Graham Sutherland’s strange days: Exultant Strangeness at Abbot Hall

David Banning

Kendal’s gem of a gallery stages the region’s first exhibition dedicated to the seminal landscape painter’s work.

Barely eighteen months on from its 50th anniversary celebrations, the Abbot Hall in Kendal stages another seminal event. This time it’s Exultant Strangeness, the North West’s first exhibition of visionary landscape painter Graham Sutherland. Featuring over 40 paintings and works on paper, the show charts the development of an artist who aborted a career as a railway engineer to study engraving and eventually become one of the most prolific names in twentieth century art.

Taking its title from Sutherland’s description of the Pembrokeshire coast, Exultant Strangeness explores the painter’s evolving responses to the natural world. The first room focuses on his early work, displaying Samuel Palmer-esque etchings alongside depictions of exaggerated natural forms and surrealist shapes. “Red Tree” sees Sutherland move towards semi-abstract compositions, with twisting curves and contorted shapes that reference Picasso, Moore and Miró, whilst the glowing red background evokes Francis Bacon’s panels of colour.

Sutherland was driven by his repulsion at the growth of industrialisation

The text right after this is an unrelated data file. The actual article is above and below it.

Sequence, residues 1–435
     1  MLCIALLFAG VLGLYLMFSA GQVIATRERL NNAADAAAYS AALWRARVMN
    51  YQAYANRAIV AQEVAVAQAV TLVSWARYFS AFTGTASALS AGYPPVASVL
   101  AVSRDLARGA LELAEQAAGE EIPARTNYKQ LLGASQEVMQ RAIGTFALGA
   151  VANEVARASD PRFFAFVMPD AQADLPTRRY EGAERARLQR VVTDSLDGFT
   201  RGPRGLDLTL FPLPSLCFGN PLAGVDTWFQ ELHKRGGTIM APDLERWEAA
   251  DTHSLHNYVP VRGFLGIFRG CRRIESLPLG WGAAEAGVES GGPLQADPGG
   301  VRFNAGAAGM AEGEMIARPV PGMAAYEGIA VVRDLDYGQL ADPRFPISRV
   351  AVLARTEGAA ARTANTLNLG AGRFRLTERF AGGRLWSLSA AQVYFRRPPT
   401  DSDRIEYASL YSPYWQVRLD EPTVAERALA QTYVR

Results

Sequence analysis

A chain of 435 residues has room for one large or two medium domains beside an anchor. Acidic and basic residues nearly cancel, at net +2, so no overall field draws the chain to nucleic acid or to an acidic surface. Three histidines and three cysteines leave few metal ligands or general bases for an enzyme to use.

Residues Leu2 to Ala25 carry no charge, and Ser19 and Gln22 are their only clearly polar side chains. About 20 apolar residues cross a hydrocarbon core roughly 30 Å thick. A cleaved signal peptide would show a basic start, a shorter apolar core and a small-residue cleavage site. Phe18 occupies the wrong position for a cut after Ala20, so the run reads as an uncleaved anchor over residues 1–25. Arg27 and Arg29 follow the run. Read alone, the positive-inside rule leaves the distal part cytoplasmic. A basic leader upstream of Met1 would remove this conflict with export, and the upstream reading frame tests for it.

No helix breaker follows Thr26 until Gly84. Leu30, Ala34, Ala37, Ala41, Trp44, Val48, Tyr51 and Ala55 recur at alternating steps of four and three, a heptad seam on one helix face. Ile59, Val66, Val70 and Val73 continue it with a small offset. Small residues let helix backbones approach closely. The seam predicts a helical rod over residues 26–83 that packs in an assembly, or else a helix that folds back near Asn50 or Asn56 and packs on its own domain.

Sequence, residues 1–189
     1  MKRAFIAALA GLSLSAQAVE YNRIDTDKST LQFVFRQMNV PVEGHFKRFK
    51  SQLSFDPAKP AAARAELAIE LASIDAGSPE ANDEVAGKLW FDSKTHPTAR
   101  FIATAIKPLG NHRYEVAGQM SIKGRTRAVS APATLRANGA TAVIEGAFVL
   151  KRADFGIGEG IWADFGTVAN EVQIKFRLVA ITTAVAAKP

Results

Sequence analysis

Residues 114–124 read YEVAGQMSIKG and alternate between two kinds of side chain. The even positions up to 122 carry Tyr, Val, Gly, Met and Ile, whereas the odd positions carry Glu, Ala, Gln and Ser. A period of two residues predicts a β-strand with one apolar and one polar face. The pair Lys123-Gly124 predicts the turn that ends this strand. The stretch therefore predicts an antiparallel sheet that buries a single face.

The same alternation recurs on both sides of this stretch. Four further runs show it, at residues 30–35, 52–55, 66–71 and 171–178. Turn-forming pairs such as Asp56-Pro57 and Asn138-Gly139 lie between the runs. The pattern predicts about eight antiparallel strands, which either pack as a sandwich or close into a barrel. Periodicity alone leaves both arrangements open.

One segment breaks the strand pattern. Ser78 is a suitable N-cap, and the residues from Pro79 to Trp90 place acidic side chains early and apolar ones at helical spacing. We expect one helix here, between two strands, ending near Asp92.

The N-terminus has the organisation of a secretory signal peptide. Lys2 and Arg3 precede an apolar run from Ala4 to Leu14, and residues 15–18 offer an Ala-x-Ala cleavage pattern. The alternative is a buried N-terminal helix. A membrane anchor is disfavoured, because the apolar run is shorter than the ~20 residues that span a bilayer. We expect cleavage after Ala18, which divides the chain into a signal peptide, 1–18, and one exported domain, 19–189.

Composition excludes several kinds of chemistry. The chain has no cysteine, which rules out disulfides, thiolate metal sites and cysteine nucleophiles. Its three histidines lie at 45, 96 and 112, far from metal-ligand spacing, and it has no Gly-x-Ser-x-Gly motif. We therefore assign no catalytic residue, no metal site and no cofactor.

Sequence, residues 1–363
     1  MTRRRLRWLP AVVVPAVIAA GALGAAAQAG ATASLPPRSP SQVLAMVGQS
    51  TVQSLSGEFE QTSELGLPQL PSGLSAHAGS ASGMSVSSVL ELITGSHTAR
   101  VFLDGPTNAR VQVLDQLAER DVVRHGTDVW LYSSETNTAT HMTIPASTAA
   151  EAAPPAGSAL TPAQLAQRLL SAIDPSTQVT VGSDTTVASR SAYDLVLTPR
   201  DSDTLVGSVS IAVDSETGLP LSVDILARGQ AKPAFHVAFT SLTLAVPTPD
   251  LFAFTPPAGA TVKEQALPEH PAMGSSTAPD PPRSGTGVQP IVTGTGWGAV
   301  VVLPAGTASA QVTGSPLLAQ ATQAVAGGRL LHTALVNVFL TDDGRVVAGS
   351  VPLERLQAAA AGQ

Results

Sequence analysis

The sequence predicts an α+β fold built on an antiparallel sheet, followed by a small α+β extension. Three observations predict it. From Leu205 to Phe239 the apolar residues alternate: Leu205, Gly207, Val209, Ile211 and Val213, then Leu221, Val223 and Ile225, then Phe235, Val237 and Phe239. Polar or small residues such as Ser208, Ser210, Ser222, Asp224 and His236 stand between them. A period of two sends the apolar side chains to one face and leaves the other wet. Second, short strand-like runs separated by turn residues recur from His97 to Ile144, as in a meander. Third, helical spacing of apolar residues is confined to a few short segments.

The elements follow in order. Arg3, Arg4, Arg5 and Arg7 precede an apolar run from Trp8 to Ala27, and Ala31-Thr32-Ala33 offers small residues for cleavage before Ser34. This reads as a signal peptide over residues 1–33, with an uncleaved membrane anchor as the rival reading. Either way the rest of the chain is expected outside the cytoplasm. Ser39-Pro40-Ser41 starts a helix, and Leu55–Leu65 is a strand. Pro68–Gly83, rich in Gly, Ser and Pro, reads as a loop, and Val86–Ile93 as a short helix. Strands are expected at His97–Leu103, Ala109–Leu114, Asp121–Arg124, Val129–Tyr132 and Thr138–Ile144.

But the similarities between Sutherland and Bacon stop there. Whilst Bacon’s work exudes violence and anti-humanist sentiment, Sutherland was driven by his repulsion at the growth of industrialisation. He defiantly documented the natural world with sketches of rock formations and tree roots on the back of envelopes; displayed here alongside the completed paintings. “Green Tree Form” stands as the exhibition’s showpiece. Painted in Pembrokeshire at the onset of the Second World War, it’s depiction of a contorted torso dominates the sightline and shows Sutherland’s ability to turn natural forms into strangely human-like tones. Man battles against the elements again in “Rocky Landscape with Sullen Sky,” a painting that conjures up a brooding, fractured landscape and hints at the influence of contemporaries Paul Nash and John Piper. Unsurprisingly, Sutherland’s work becomes comparably lighter after his move to a villa in the south of France in 1947. “Landscape, near Nice” replaces shrill colours and charred remains with swathes of scarlet red, fuchsia and bright yellow; borrowing heavily from Matisse. In 1967, Sutherland’s style changed again as he returned to the Wales and fell in love with its arresting valleys and dark hills. The exhibition’s concluding section charts his infatuation with the Welsh coastline: “Trees with a G-shaped Form” is rich with distinctive greens and purplish hue whilst the landscape of “Green Tree Forms” melts away before our eyes.

Exultant Strangeness doesn’t provide us with the replica of a viewpoint; rather it captures Sutherland’s ability to re-design the landscapes he encountered by creating esoteric backdrops and otherworldly images. When he painted, he looked at the world differently, provoking and feeding the imagination in equal measure.

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